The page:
First – apologies to anyone that visits here thinking I might actually have posted something real (as opposed to the delicious links).
Second – some excuses:
I went on holiday again (I know – i only went in August, what can I say?) We visited Tasmania (the island state of Australia south of Melbourne – pics on Flickr) with two other couples – all in motorhomes (RV’s for you Americans out there). A good time was had by all and generous amounts of alcohol were imbibed.
This meant that when I got back from being Internet-less, I had about 2000 blog posts in the reader … which is finally caught up.
What am I doing now?
When I got back, my boss had missed me so much I got more work on our ERP (Oracle/JDE EnterpriseOne) implementation – to my chagrin. More interestingly, I started a project to implement SOA to integrate/orchestrate some planning software created in a research project with CSIRO, a local research quango to assist in collaborative decision-making around winery grape intake. An overview of the project is on the CSIRO site. We are using Sonic Software’s ESB product, and due to our commitment to the ERP implementation, outsourcing most of the ESB development to Progress Software’s local service arm. We have been using Sonic JMS for a few years in a small way, and in integration between the ERP and existing systems. Our own developers have started with ESB, creating a couple of services (simple file drop and email stuff).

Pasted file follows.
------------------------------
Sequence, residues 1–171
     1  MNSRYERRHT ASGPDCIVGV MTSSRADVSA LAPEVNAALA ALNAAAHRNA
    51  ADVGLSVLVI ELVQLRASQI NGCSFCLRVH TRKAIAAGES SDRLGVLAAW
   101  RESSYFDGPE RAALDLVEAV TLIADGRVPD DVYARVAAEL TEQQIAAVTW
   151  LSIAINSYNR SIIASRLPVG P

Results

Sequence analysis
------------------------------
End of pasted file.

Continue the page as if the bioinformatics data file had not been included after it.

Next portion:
Now – Sonic aren’t the only people doing this stuff, but we have been pretty happy with their kit, and once you get your head around the principles involved, it’s actually not difficult to implement (heck – I did some of it four years back, how hard can it be?), although it can be fiddly. One thing I’ve noticed over the three major versions of Sonic we’ve used – the functionality has evolved rapidly. With v5 there was a lot more hand-coding than there is with v7, and standards compliance has improved (back with v5, standards were still being developed of course!). Like a lot of other tool providers Progress/Sonic have gone to an Eclipse-based IDE, which has generally been a good thing (except for those of us who find themselves with 3 separate Eclipse installations). The Progress OpenEdge IDE CAN be installed in a “normal” Eclipse installation, but only by installing it separately and copying the plugins and features directories – and you have to be careful about version compatibility (plus I am doubtful that Progress support would be too sympathetic if you rang with a problem).
One of the other interesting things about this project is that we are using some web collaboration – it’s a Sharepoint-based discussion forum/document repository to enable the team (spread between Sydney, Melbourne and Adelaide) to share information. I am a little unsure about Sharepoint (2003, not the latest 2007 version) and its ability to dump the material later into a more open format for documentation/archiving, but as a test of Web 2.0 principles it should suffice.
And, of course …
The silly season is upon us, and I’m sure I’ll eat and drink more than is good for me … all the best to you and yours for whatever you wish to celebrate at this time of year!
Technorati Tags: csiro progresssoftware sonicsoftware ESB SOA